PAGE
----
In this post I talk about a Spring Boot React Maven Starter project set up to basically get agile developers going as fast as possible. What does as fast as possible mean? Also, what’s an agile developer? In other words what overarching principles apply here?
To answer the first question, as fast as possible means you can run it all up on your local with 3 commands:
$ git clone https://github.com/nicodewet/spring-boot-react-maven-starter.git && cd spring-boot-react-maven-starter/ $ mvn clean install $ java -jar server/target/server-0.0.1-SNAPSHOT.jar
There is no Docker (yet - it will come later) and after the third step you can open http://localhost:8080 in your browser and see the app.
To answer the second question, agile developer means that working software in production at the end of the first sprint is not negotiable. It also means we accept that our user interface and interpretation of requirements expressed in software is a mere hypothesis, so we want to do everything we can to test the hypothesis as quickly as possible. Infinite scalability when we have 0 users is not a primary concern for example.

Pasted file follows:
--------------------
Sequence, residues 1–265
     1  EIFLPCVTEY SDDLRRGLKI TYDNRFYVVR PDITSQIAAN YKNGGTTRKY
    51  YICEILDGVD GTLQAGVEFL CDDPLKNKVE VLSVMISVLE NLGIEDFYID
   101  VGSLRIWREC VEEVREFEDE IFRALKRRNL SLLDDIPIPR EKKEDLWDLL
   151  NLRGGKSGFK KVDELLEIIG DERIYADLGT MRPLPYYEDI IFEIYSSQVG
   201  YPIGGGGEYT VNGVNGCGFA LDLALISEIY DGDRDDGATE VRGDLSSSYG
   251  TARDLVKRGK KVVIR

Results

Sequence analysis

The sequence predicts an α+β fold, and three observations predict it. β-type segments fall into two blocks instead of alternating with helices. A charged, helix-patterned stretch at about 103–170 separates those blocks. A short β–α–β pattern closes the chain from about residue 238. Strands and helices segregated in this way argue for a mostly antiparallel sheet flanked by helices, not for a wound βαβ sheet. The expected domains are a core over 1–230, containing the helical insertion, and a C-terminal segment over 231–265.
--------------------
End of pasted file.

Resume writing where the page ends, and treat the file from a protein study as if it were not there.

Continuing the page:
With the context of the cited sample project, to facilitate rapid development the following has been done:
- The entire stack gets served from a single Spring Boot application so that we can build a simple Docker based pipeline to production.
- The entire app is in a single repo with clearly marked client and server directories.
- A single Maven command packages the app.
- Multi-module Maven build.
So, if the above sounds good to you, and perhaps you are stronger when it comes to Spring Boot than React, I’d recommend doing the following:
- Read through Matt Raible’s Bootiful Development with Spring Boot and React
- Checkout the repo I created and satisfy yourself that it works as advertised.
- Delete the React components and create them from scratch (follow Matt Raible’s tutorial but without TypeScript).